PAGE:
Now, I'm always reading here how difficult faint galaxies and so forth are in LP, or, as noted above, moonlight glow, as well as how much extra integration is needed.  Is that the key then - a brighter sub away from zenith is still helpful to the stack overall, just not as relatively helpful as getting an extra sub at zenith would be?
 


Edited by Mike in Rancho, 05 May 2021 - 05:33 PM.


#8 bobzeq25

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Posted 05 May 2021 - 06:06 PM

Thanks, Bob. waytogo.gif   Are you staying above 45 due to extinction, since you guys are saying brightness variation isn't a problem?  Or just...time and effectiveness?  Yes lately I'll point away from the moon, or, observe or image the moon itself!  Another thing have I tried is the L-eNhance (to strip the red channel), which didn't seem terribly awful under the moon.

 

I don't doubt the complexity and power of PI, what with everyone talking about video series and even seminars.  But even Bracken's dip into the shallow end (it's a Primer, after all) surprised me with the vast array of possibilities and customization.  I was aghast, and the one word that came to my mind was...tedium.  Plus much of it seemed like levels/curves all over again, exactly the kind of PS/Gimp deal I did not want to deal with anymore.  I imagine, like any software, a comfort zone is reached and it becomes second nature.  But it didn't look like what I consider to be fun.

 

 

Interesting.  I always figured I'd be dragging my data into the gutter by including such subs.  But, at least as long as it is weighted or background matched for proper combining or rejection algorithms, the end result is still improved?

 

Now, I'm always reading here how difficult faint galaxies and so forth are in LP, or, as noted above, moonlight glow, as well as how much extra integration is needed.  Is that the key then - a brighter sub away from zenith is still helpful to the stack overall, just not as relatively helpful as getting an extra sub at zenith would be?
 

My procedures have a number of advantages in light polluted skies.  One of them is that brightness variations simply cease to be an issue.  I've never gotten anywhere near 2X.  I'm often below 1.1X.

 

Faint anything is tough in moonlight, it's like moving downtown.  <smile>  I do star clusters in moonlight, little else.  Not worth the time.  Ha is possible, but not O(III).

 

One man's tedium is another man's challenge.  <smile>  But I do object to the thought that PI is the ultimate solution for everyone.  For people who don't like standard processing, there's StarTools.  For people who just don't like processing, period, there's EAA.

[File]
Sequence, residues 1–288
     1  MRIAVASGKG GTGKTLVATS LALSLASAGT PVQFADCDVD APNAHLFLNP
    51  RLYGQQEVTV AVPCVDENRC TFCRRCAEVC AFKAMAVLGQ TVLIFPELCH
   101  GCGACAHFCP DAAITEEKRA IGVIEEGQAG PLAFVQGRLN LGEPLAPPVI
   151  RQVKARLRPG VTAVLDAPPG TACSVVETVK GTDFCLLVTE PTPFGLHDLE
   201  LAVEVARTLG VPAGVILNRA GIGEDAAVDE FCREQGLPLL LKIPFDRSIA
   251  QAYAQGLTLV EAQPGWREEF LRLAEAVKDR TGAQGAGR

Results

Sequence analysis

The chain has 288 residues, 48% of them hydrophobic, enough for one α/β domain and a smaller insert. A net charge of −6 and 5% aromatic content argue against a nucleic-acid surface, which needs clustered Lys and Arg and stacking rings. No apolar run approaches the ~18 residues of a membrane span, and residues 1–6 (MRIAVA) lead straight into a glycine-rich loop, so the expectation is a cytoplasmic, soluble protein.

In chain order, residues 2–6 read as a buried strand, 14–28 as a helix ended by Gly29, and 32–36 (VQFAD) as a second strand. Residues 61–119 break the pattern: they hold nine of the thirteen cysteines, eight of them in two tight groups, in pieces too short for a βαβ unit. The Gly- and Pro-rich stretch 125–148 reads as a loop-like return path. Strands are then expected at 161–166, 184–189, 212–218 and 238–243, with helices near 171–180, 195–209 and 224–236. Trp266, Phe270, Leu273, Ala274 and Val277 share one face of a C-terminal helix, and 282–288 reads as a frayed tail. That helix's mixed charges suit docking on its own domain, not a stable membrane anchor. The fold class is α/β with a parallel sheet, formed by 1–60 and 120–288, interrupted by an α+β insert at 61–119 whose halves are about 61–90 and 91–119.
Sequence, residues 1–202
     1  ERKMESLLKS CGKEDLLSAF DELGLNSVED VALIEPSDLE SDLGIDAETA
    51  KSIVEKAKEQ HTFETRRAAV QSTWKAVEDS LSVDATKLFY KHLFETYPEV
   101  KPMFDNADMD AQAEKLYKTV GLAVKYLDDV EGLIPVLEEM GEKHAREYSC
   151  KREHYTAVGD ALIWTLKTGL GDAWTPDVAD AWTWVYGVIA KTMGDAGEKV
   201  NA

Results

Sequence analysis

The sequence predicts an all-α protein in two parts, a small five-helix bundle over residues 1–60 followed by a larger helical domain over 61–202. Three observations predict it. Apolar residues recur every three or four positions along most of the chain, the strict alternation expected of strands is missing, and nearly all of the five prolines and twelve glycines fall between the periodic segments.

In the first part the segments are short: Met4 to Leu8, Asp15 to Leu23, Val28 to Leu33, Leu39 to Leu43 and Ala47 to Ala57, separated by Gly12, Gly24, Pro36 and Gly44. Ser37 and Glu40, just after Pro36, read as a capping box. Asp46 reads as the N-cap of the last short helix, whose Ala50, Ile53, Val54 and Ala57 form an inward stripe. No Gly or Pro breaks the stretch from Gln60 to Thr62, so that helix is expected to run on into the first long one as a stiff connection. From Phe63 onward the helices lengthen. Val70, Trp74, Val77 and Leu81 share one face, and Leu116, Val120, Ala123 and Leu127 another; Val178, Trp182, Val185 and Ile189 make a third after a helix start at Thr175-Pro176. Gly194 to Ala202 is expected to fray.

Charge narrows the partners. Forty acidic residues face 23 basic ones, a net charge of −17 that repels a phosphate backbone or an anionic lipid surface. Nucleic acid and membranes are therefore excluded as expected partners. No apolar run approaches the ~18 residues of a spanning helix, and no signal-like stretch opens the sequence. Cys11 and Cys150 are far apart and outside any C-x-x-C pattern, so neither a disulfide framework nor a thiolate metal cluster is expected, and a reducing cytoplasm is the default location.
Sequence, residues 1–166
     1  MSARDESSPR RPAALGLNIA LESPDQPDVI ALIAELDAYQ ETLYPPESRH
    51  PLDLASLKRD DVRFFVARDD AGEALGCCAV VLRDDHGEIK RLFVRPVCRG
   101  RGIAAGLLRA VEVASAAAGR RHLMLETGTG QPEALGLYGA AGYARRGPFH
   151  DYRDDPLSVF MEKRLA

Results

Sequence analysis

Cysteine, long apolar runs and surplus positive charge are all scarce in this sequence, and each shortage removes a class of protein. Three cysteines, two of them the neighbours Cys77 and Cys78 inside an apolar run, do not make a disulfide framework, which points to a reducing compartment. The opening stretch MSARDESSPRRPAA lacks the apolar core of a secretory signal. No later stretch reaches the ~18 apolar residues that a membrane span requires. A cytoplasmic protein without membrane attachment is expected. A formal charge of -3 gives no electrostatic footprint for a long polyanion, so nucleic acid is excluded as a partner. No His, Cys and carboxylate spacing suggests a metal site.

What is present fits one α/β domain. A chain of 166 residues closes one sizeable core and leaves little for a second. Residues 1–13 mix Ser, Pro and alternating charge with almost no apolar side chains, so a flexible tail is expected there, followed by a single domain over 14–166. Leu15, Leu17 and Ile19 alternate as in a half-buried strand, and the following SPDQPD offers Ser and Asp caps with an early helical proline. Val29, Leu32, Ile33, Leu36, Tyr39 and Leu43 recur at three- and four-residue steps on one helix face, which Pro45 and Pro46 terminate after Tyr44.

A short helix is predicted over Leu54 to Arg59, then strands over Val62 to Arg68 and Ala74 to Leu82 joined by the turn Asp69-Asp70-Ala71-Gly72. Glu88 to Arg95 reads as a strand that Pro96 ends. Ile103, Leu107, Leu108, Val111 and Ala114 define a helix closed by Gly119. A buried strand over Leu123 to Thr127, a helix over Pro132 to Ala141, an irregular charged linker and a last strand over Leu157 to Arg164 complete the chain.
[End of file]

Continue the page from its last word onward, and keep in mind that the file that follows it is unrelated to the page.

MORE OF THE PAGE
The concepts of levels and curves is integral to stretching in general.  Why I recommend Bracken, for his clear explanations.  PI does offer infinite adjustability, and some interesting variations, like MaskedStretch, and arcsinhStretch.  StarTools has a useful Autodev, like much of StarTools the computer is by your side, helping you.  PI?  You're pretty much on your own.
 


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#9 Mike in Rancho

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Posted 05 May 2021 - 07:32 PM

My procedures have a number of advantages in light polluted skies.  One of them is that brightness variations simply cease to be an issue.  I've never gotten anywhere near 2X.  I'm often below 1.1X.

 

Faint anything is tough in moonlight, it's like moving downtown.  <smile>  I do star clusters in moonlight, little else.  Not worth the time.  Ha is possible, but not O(III).

 

One man's tedium is another man's challenge.  <smile>  But I do object to the thought that PI is the ultimate solution for everyone.  For people who don't like standard processing, there's StarTools.  For people who just don't like processing, period, there's EAA.

 

The concepts of levels and curves is integral to stretching in general.  Why I recommend Bracken, for his clear explanations.  PI does offer infinite adjustability, and some interesting variations, like MaskedStretch, and arcsinhStretch.  StarTools has a useful Autodev, like much of StarTools the computer is by your side, helping you.  PI?  You're pretty much on your own.
 

Ok, I think I get it now.  You don't worry about brightness variations because you avoid them outright.  Fair enough.

 

It's funny, I've always been a PC person, going back to DOS.  So I understand and typically prefer greater control even if it seems arcane to most.  But with images I find I'd much rather have a higher level interface to deal with, only diving down deep when required or wanted.  It's good that there are a multitude of processing platforms to choose from.